Signaling an aggressive tone in the aftermath of the Supreme Court’s weakening of voting laws, the Justice Department said Thursday that it will become a plaintiff in two lawsuits against the state of Texas in voting-related cases.
The department is suing the state over the new Texas voter identification law and in a case over the state’s redistricting laws.
Attorney General Eric Holder said that the Justice Department represents an effort to protect the voting rights of all Americans.
“Today’s action marks another step forward in the Justice Department’s continuing effort to protect the voting rights of all eligible Americans,” Holder said in a statement. “This represents the department’s latest action to protect voting rights, but it will not be our last.”
In June, the United States Supreme Court struck down a key provision in the Voting Rights Act of 1965, requiring certain states and municipalities to obtain clearance from the Justice Department before making changes in voting laws.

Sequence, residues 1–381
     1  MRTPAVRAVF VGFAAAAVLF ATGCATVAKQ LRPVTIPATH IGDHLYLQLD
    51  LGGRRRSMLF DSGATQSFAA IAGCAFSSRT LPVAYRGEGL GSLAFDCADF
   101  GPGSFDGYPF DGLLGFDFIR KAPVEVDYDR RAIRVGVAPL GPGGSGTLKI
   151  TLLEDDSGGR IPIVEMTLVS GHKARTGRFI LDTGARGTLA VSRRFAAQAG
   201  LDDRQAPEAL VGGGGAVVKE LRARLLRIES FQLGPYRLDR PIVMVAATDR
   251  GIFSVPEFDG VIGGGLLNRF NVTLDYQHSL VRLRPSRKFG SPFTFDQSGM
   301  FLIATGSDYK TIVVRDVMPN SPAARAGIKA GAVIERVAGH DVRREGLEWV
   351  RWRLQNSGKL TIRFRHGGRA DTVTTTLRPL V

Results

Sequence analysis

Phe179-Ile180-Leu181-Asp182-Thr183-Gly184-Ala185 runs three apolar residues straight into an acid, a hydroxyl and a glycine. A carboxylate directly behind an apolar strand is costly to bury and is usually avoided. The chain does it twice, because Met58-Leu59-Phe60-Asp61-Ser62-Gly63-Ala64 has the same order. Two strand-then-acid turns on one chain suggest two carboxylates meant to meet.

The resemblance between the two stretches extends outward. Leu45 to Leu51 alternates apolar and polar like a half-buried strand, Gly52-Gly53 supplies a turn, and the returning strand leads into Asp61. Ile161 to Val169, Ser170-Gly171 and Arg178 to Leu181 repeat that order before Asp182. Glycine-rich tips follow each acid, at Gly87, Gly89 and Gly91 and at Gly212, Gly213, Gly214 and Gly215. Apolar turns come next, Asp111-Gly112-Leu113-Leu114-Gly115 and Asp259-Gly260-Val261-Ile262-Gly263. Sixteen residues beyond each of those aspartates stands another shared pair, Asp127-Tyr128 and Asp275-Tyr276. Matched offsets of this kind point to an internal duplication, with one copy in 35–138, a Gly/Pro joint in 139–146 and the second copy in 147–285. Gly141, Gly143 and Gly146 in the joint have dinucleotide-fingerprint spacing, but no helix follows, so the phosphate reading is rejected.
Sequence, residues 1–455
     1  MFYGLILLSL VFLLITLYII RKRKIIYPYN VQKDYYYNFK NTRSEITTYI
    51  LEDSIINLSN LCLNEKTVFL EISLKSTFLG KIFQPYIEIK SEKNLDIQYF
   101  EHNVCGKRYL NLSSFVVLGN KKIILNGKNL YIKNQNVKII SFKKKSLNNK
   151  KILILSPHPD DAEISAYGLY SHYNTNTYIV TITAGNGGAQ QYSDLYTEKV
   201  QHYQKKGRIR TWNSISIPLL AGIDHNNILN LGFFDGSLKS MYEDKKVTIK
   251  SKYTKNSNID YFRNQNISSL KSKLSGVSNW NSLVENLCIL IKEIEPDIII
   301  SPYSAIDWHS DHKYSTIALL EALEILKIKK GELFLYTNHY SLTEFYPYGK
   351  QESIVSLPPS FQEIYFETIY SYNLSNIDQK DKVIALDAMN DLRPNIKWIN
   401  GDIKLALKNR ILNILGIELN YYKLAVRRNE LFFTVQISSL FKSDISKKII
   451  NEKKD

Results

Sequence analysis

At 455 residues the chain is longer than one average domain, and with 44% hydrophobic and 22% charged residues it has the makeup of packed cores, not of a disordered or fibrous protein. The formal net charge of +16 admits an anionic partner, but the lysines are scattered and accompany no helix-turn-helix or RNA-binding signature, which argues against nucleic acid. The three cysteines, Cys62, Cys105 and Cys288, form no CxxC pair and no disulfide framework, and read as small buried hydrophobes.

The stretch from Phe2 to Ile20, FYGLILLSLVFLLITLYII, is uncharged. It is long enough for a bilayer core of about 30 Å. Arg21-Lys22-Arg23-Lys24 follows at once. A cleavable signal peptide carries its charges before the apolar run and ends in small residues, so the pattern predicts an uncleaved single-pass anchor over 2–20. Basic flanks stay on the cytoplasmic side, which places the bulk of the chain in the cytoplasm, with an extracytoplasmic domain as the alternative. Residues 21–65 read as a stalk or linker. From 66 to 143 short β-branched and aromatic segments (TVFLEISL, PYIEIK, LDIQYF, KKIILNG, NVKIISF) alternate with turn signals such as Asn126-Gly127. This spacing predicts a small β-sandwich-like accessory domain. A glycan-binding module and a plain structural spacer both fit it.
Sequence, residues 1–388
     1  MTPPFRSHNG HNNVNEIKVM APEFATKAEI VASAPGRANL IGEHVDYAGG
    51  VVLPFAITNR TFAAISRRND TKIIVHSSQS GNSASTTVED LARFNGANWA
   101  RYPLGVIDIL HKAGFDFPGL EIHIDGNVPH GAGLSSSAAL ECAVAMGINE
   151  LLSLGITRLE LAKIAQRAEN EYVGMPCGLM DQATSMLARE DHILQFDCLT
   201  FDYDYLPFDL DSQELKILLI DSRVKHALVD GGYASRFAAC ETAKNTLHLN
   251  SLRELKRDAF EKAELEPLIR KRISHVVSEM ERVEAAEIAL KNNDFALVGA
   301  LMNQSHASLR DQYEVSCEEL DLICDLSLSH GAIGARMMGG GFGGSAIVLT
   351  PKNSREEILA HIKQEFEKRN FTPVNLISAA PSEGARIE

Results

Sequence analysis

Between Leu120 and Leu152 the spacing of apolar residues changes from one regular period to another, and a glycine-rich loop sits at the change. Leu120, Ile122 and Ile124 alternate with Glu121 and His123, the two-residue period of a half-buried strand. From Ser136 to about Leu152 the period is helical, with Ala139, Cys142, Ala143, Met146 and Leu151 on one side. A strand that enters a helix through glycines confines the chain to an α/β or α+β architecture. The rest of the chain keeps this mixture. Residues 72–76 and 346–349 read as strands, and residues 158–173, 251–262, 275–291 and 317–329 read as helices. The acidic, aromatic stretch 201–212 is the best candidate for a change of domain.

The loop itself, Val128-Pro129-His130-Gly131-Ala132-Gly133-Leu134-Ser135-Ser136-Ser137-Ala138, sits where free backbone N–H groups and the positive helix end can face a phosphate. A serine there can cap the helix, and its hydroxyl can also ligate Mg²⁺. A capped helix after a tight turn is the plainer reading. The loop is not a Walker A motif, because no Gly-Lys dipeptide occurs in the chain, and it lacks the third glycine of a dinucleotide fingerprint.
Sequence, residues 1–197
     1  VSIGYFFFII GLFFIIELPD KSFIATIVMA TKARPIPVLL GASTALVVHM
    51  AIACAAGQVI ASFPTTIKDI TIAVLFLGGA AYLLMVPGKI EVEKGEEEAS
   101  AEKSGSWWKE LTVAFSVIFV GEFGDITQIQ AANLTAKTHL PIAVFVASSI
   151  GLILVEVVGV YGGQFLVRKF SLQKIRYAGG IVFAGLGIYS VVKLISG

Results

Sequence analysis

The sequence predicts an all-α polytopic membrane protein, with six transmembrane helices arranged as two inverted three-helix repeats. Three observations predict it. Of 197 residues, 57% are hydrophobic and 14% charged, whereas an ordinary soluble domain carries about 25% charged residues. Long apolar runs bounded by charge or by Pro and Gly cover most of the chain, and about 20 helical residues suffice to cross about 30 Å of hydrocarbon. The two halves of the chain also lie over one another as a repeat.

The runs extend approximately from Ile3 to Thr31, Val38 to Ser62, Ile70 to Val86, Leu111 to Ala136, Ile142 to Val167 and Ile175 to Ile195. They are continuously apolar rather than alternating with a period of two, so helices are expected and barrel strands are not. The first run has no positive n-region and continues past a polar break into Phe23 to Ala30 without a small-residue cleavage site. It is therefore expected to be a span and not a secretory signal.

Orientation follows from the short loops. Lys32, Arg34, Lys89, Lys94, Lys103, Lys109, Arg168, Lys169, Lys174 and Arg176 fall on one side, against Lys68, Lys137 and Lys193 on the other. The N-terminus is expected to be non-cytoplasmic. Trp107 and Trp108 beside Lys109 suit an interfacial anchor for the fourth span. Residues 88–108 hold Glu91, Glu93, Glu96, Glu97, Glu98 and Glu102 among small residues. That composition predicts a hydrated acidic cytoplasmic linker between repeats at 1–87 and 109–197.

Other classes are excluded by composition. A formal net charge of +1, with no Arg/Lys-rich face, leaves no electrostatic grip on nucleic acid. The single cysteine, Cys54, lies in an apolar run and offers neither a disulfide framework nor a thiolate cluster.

That decision was criticized by a number of civil rights organizations and by President Obama. The Justice Department’s move to get involved in the Texas cases indicates that the administration is following up on its commitment to become more involved in cases that it sees as restricting the voting rights of some Americans, particularly African-American and Latino voters.
“We will not allow the Supreme Court’s recent decision to be interpreted as open season for states to pursue measures that suppress voting rights,” Holder said. “The department will take action against jurisdictions that attempt to hinder access to the ballot box, no matter where it occurs. We will keep fighting aggressively to prevent voter disenfranchisement.”
The Justice Department will argue that the voter identification law was enacted with the goal of restricting certain Texans from voting because of their race or ethnicity.
In the redistricting case, the Justice Department is expected to argue that the state’s redrawn districts had discriminatory effects. That follows the ruling of a federal court in Washington that found that Texas did not meet its burden of proving that its 2011 redistricting plans and its 2011 voter identification law were not discriminatory.
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